Drop The Pilot

by Jacob Clifton November 2, 2009
The Plan

"This is all improv, isn't it? You're scared, you're outmanned. You're surrounded by humans who weren't supposed to be alive in the first place." The Plan was that there wasn't a plan that didn't immediately fall to pieces. "No one was supposed to be alive!" One shouted, pacing like a tiger. "Our people were supposed to be positioned to cause destruction, not mop up afterwards! My Two was the Defense Minister's yoga instructor, if you can believe that, and one of the Sixes was a prostitute. But the only one in a position to do any frakking damage was a Five on this ship, and he frakked it up! Now the universe still has these cockroaches in it, and we can't have any peace until we step on them all." One laughed to himself, choking on it. "And don't you think for a moment that I'm gonna be moved by the sweet, adorable fact that you married one of them. You come back tomorrow, and we'll talk about you blowing up that ship you live on."

Day 24, Shelly Godfrey was finally in position, shouting at Gaius while Bill stood by, watching carefully, speaking only the truth. "You're the one who let the Cylons into the defense mainframe. You betrayed your Colony, your home, your entire race!" Gaius stared her down; she had tears in her eyes. She wasn't really talking about him anymore. "You're the man responsible for the Holocaust, and I'm here to see that you're exposed and sentenced to death as the traitor you really are." She produced a disc containing a photo of Gaius, sneaking into the mainframe. He leaned closer, nervous, investigating, but when she dropped the bomb -- "As you can see, the man in the photo is carrying an explosive device" -- he really started freaking out. She kept her back straight.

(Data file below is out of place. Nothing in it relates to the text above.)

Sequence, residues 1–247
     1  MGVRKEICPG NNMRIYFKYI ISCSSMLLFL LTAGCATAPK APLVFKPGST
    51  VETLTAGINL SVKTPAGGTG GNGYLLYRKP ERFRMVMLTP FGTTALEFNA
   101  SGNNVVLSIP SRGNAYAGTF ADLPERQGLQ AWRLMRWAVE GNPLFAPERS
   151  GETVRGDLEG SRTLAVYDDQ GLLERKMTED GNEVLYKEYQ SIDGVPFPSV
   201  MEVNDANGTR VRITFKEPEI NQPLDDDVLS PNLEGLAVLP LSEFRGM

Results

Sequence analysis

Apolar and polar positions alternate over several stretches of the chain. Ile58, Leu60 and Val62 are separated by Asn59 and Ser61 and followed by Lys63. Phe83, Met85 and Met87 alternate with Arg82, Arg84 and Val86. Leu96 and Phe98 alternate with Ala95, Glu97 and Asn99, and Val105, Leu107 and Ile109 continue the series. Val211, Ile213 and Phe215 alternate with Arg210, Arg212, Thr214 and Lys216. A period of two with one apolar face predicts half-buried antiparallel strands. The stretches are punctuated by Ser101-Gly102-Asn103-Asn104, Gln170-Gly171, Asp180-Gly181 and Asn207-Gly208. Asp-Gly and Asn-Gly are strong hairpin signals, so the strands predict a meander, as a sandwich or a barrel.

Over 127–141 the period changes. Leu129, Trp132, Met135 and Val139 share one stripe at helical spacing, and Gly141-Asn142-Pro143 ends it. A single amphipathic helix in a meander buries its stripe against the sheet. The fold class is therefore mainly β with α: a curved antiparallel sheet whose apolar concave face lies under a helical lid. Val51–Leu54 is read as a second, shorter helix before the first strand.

"I got you, Hot Dog! We're going to make it through this. Break right. Now! Now! Now!" Leoben listened to his little radio, smiling at her voice. On the wall of his little room, he painted them: Three concentric circles, red and yellow and blue.

"It's all right, Hot Dog. You did good. You're gonna be okay, I promise you. At least one of us will..." Leoben nodded to her, to himself, to God. He rewound the tape. He listened to the pilots, in the black.

"It's all right, Hot Dog. You did good. You're gonna be okay, I promise you. At least one of us will." He smiled. At least one of them. He smiled, at the stars.

On the mirror in Sharon's locker, someone had written the word, Cylon, in bright yellow paint. Eight brought the elephant to One in the chapel, as he lit his candles. He knew as well as she did that she was losing it. He knew as well as she did that the "someone" who wrote it -- as a warning, or a threat to pull off the last mission, or a caution against it -- was herself. "One old man," One whined, and Eight shrugged. "He's like a father to me." One nearly slapped her. "He is your father. All mankind are our fathers. And that's the sin for which they deserve to die."

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